AC: I feel that he suffers from a rush of blood when he is batting. He thinks he can take the attack to the opposition whenever he wants to. He has all the shots and the temptation all too often is to go after the bowler, go for the big shot, and play to the gallery. You tend to find that he gets caught more often than not going for a big shot and he needs to stop playing to the gallery.
I would just say to him whenever that thought of playing the big shot crosses your mind, tell yourself that I will give myself three overs to settle down and not go for the big shot. Then after three overs I’m sure he will have calmed down at the crease and the thought of going for that risky big shot will have disappeared. It’s that moment of temptation which is his problem and which he will be regretting later. Allow that moment to pass and I’m sure three overs later he won’t be tempted by that shot again. Things will have changed during that time, he may have hit a couple of fours, run a few singles, and nine times out of ten you will have sailed through the storm.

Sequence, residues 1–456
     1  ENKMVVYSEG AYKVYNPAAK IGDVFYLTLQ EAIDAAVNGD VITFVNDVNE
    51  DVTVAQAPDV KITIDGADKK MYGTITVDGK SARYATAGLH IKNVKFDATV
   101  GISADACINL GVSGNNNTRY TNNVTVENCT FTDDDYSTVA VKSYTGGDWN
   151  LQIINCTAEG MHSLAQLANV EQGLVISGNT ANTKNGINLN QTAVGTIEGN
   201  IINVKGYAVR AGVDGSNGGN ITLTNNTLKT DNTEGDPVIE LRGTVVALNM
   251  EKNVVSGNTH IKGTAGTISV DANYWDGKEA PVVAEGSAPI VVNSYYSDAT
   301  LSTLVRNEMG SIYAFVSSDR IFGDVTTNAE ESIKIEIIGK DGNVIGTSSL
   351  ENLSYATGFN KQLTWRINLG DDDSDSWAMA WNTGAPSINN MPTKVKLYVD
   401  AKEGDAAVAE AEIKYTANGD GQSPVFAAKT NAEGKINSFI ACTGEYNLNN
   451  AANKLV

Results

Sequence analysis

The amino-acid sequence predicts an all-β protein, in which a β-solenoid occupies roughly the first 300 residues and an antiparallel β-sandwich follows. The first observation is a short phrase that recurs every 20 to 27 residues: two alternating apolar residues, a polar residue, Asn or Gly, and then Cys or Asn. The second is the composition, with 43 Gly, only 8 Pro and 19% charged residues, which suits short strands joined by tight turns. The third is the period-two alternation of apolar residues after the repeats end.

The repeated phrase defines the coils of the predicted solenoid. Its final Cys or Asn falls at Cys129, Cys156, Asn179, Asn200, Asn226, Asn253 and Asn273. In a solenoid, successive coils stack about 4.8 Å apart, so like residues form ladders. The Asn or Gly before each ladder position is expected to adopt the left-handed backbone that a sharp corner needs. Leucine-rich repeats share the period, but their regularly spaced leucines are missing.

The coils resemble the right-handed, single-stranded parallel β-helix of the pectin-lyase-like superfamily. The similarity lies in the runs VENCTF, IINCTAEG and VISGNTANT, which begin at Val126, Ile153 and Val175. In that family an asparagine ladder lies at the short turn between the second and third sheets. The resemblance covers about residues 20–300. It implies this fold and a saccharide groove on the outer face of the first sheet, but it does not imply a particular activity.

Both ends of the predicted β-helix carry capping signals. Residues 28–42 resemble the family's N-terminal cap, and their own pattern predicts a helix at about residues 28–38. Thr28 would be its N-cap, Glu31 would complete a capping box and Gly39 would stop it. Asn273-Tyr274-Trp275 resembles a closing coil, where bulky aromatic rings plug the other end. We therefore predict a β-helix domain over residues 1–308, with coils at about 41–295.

PP: Ravichandran Ashwin and Shane Warne have recently raised the topic of suspect bowling actions by spinners. Do you think some spinners are ‘getting away with it’ in terms of their bowling actions?
AC: Yes I think some bowlers are getting away with it. If a spinner is operating at 80 to 85kph and then suddenly he bowls one 30 kph quicker without increasing his run up or an increased follow-through, then there is only one thing that can change that speed and that is by illegally bending your elbow. There is no other way to increase that pace without having the momentum that a fast bowler can generate.
PP: Some experts say the doosra cannot be bowled legally, do you concur with that school of thought?